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On this date, Joe Gans, a Black professional boxer, was born in 1874.
Born in Baltimore, Joseph Gaines (his name at birth) was a legend in the sport. Because he was Black, he was compelled by boxing promoters to permit less-talented white fighters to last the scheduled number of rounds with him and occasionally to defeat him. He was also forced to fight at unnaturally low weights, and, perhaps as a result, he was so weakened that he contracted tuberculosis and died while a young man.
After 11 years of fighting, Gans won the world lightweight title by knocking out Frank Erne in one round at Fort Erie, Ont., on May 12, 1902. On Sept. 30, 1904, he fought a 20-round draw with the great welterweight champion Joe Walcott. Gans was already ill when he defended his lightweight championship against Battling Nelson at Goldfield, NV, on Sept. 3, 1906. Gans, who gave one of his finest performances, won this match when Nelson deliberately fouled him in the 42nd round. In a return bout with Nelson in San Francisco on July 4, 1908, he was knocked out in 17 rounds.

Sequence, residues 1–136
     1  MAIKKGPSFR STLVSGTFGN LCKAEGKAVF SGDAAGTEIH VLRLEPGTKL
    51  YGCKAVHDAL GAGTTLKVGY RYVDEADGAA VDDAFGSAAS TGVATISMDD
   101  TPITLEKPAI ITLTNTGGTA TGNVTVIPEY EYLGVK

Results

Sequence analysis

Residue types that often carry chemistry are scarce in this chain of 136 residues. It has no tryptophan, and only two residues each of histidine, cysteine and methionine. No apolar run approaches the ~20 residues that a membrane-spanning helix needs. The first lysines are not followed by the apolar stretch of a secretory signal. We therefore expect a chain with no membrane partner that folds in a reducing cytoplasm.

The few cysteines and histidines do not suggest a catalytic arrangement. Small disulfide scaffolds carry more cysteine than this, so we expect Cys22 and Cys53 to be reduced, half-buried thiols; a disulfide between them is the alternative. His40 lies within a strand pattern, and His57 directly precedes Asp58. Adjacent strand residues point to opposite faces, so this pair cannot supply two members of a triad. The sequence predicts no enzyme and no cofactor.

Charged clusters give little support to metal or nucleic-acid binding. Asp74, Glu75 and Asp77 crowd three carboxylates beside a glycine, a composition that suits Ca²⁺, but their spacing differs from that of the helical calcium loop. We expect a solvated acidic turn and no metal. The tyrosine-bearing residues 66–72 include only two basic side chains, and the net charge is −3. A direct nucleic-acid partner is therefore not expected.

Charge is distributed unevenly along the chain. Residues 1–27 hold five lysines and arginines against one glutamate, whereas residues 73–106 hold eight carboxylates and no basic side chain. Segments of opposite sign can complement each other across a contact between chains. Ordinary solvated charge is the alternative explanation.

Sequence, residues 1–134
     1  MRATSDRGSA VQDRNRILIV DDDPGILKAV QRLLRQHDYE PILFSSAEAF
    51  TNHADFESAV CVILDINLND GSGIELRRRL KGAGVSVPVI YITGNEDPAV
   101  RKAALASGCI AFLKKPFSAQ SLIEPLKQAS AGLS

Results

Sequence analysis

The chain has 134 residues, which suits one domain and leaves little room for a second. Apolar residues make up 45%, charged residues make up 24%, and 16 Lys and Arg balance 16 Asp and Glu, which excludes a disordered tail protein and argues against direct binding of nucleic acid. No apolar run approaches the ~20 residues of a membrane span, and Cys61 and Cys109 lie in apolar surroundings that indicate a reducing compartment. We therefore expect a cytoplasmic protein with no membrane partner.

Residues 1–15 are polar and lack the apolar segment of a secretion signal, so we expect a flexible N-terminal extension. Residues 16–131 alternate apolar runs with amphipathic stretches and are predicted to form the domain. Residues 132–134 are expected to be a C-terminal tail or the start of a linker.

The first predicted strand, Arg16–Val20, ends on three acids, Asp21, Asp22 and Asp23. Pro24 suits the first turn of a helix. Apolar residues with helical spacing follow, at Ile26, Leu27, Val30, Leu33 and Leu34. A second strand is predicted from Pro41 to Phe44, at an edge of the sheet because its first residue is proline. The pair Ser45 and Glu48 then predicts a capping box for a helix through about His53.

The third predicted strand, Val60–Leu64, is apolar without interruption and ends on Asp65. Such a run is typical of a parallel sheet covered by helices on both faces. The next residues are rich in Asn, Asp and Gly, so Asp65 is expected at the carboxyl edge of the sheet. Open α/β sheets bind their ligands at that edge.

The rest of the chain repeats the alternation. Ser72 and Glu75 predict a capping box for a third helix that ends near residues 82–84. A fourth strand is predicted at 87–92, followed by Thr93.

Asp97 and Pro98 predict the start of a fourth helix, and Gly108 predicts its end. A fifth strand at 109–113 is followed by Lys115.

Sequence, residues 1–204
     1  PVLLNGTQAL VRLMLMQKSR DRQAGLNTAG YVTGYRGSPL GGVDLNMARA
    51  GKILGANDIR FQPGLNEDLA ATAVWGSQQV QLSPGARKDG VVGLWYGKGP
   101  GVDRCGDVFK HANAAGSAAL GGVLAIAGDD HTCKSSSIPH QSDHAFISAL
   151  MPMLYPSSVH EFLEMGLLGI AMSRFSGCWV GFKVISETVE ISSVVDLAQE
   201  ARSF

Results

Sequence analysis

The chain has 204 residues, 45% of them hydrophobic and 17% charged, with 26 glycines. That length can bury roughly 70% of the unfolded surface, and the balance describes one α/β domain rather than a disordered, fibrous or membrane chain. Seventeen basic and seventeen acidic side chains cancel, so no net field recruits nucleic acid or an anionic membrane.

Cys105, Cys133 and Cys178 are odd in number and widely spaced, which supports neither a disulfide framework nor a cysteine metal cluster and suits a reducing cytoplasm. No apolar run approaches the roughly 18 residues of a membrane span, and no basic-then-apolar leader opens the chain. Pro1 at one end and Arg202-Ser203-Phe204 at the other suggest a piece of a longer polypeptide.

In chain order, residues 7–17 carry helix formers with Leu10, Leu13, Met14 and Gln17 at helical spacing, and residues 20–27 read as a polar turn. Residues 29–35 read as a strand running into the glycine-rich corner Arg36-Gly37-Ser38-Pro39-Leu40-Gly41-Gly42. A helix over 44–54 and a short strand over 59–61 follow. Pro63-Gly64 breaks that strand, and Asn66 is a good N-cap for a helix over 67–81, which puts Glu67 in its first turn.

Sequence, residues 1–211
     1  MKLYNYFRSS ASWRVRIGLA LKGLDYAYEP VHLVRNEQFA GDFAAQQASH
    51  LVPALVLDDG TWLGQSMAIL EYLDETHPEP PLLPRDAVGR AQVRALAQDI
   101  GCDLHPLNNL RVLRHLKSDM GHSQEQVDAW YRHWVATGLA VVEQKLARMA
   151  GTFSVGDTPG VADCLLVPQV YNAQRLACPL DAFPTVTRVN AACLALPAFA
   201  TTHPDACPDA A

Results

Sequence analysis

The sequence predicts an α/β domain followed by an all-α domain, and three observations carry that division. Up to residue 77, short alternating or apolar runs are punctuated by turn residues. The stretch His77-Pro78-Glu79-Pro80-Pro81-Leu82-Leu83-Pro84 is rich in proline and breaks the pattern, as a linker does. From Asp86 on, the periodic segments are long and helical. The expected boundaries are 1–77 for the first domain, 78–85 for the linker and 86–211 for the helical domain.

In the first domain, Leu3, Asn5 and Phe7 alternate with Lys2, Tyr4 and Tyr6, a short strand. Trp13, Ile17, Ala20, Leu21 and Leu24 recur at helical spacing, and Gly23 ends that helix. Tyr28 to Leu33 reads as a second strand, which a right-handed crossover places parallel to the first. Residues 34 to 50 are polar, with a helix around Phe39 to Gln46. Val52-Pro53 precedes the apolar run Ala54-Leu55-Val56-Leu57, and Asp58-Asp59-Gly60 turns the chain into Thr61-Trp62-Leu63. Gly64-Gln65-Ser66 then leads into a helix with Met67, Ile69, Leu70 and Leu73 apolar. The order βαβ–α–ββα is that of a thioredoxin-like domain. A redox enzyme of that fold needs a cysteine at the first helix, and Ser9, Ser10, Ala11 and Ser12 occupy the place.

Gans spent nearly a year in Arizona in an unsuccessful attempt to arrest his disease. When he returned to Baltimore to die, his train was greeted at each station by groups of boxing fans, and his impending death was treated as a national calamity by the press. Known as the Old Master he was perhaps the greatest fighter in the history of the lightweight division. Joe Gans died Aug. 10, 1910 in Baltimore.
Boxing Album: An Illustrated History
by Peter Brooke Bell
Smithmark Publisher, 1995